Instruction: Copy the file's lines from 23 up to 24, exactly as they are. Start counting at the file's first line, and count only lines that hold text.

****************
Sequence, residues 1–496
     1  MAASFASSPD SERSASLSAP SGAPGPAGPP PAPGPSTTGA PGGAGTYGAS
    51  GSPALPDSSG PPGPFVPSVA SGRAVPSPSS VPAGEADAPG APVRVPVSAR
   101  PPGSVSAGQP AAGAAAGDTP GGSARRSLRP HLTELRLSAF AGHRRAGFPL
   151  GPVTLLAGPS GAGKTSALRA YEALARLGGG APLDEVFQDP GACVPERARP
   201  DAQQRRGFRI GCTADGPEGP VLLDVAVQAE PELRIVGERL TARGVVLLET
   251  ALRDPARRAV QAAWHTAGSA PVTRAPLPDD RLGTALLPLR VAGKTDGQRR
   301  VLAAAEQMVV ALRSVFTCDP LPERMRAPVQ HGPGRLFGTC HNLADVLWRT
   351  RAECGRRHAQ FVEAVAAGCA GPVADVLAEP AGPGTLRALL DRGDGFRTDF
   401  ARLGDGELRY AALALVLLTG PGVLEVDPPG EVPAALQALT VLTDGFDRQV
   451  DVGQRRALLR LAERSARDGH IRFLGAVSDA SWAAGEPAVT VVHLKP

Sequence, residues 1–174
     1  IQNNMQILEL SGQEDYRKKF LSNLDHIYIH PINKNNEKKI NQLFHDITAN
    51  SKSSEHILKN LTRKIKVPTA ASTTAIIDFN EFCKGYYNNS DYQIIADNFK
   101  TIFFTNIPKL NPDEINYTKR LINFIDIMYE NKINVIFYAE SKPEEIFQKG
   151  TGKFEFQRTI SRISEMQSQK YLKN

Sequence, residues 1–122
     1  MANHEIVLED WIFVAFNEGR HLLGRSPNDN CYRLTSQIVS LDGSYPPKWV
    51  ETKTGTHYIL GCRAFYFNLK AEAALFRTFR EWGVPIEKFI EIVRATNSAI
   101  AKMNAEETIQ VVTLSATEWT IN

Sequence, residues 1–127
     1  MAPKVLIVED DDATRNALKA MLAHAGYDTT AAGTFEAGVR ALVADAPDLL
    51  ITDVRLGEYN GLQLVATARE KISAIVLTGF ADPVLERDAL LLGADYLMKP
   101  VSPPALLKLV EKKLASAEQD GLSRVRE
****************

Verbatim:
    51  ITDVRLGEYN GLQLVATARE KISAIVLTGF ADPVLERDAL LLGADYLMKP
   101  VSPPALLKLV EKKLASAEQD GLSRVRE